See the Men's Salomon Speedcross 5 See the Women's Salomon Speedcross 5
Weight: 1 lb. 2.6 oz.
What we like: Lightweight, comfortable, sticky Megagrip sole.
What we don’t: Narrow feet will swim in the wide toe box.
Topo Athletic might not be a household name like Salomon or La Sportiva, but their relatively new lineup of shoes speaks for itself. Founded by the former CEO of Vibram, this company knows what goes into making a good running shoe, and the MTN Racer is our favorite trail-specific model in their quiver. With a wide toe box (a signature of Topo Athletic shoes) and locked-in waist and heel, the MTN Racer fits similarly to a design like the Altra Lone Peak, but comes with a number of noteworthy differences. Most significantly, you get a 5-millimeter drop (compared to the Altra’s 0mm), slightly firmer cushioning, and a small decrease in weight. We’ve logged over 400 trail miles in one pair of MTN Racers, and overall have been very impressed with the shoe's high degree of comfort, durability, and trail-handling.
For truly rugged terrain, we’d recommend a less cushioned and more protective shoe, like the La Sportiva Bushido II or Arc’teryx Norvan VT 2. That said, the MTN Racer holds its own on rocks and roots alike, with deep lugs, sticky Vibram Megagrip rubber (a blend often used in climbing-specific approach shoes), and a relatively stiff build. And while it doesn’t come in a Gore-Tex model, the shoe is designed with minimal bulk and drainage ports, meaning that when your feet do get wet, they dry quickly. In the end, the MTN Racer is one of our top choices for a capable sidekick that’s in its element cruising long distances on easy-to-moderate trails.
See the Men's Topo MTN Racer See the Women's Topo MTN Racer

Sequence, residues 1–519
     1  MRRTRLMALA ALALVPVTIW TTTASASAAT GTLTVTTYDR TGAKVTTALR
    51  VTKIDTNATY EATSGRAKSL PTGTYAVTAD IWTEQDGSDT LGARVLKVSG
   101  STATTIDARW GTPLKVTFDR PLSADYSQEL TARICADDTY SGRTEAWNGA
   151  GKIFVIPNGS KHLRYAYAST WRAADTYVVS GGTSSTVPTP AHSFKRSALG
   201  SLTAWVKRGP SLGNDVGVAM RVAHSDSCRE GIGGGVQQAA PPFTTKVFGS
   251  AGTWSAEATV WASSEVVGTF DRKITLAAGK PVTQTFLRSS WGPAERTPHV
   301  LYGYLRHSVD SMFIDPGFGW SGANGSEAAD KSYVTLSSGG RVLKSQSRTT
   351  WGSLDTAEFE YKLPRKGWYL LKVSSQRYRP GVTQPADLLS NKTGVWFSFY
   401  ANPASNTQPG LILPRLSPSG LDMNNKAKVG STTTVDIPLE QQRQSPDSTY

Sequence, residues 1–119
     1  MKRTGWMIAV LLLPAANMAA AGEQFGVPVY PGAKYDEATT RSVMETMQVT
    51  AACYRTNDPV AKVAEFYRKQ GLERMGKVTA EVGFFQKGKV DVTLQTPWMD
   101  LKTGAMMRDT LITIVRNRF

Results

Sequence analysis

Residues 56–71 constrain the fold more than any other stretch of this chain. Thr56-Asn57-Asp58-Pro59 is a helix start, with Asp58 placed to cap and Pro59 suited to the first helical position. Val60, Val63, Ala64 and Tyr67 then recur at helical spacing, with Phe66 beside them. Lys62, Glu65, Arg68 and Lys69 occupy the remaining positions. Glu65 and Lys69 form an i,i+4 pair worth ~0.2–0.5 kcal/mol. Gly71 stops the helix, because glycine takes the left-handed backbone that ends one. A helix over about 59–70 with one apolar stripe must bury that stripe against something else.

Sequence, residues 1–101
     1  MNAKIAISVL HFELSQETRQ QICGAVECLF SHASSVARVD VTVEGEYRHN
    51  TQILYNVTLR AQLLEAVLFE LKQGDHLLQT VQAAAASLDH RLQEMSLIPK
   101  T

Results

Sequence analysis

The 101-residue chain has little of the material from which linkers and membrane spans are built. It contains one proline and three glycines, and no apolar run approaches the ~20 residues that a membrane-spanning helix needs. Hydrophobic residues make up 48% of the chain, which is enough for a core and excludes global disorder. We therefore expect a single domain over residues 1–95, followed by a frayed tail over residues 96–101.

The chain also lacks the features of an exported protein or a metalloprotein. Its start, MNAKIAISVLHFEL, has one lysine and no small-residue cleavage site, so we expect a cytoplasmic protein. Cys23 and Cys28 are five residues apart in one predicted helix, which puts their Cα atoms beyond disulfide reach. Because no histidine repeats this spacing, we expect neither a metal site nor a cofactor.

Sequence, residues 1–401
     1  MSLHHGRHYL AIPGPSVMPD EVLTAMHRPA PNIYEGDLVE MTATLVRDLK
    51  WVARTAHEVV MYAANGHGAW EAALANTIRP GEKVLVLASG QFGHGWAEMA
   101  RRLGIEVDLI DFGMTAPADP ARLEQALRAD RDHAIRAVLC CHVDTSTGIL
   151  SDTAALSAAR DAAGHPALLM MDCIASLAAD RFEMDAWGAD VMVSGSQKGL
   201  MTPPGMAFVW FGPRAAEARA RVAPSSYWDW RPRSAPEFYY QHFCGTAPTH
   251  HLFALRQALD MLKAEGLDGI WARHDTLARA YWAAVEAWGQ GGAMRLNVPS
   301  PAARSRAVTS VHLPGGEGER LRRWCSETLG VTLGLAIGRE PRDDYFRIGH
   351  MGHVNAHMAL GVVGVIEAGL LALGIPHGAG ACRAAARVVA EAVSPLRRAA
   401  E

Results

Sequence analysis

Category: Easy trails/all-around
Weight: 1 lb. 6.6 oz.
What we like: A great do-all Salomon shoe that’s now even better on trail.
What we don’t: Not as stable or grippy as the Speedcross 5 on technical terrain.
Salomon’s Sense Ride 2 was marketed as a “quiver-killer,” and the new “3” is an even more capable do-all shoe that builds off the same beloved design. The previous iteration was ideal for tackling short stretches of pavement and long distances on trail (a popular combo if you’re running from home), but the updated shoe improves performance on both mediums. Two layers of foam in the midsole (inspired by Salomon’s road shoes) offer great protection and cushioning for both road and trail, and the snug heel cup lends a closer fit. For when the terrain turns technical, the 3 adds raised sidewalls for more support and protection, spreads out the rock plate for more coverage, and increases grip with a 4-millimeter lug length (compared to the previous version’s 3mm).
Finding one shoe to does it all is a tall order for any trail runner, but the Sense Ride 3 accomplishes the task better than most. The improvements do come at a significant weight increase (3.6 ounces for the pair), and it’s important to note that any all-arounder won’t excel at the extremes. For truly technical terrain (think off-trail scrambling and particularly rooty trails), the Sense Ride 3 is no match for the all-out grip and stability of the Speedcross 5 above. On the other hand, some might find it overbuilt for hard-packed trails and gravel roads. But for that happy medium of trail terrain, we think the Sense Ride 3 is one of the most versatile trail shoes of 2020.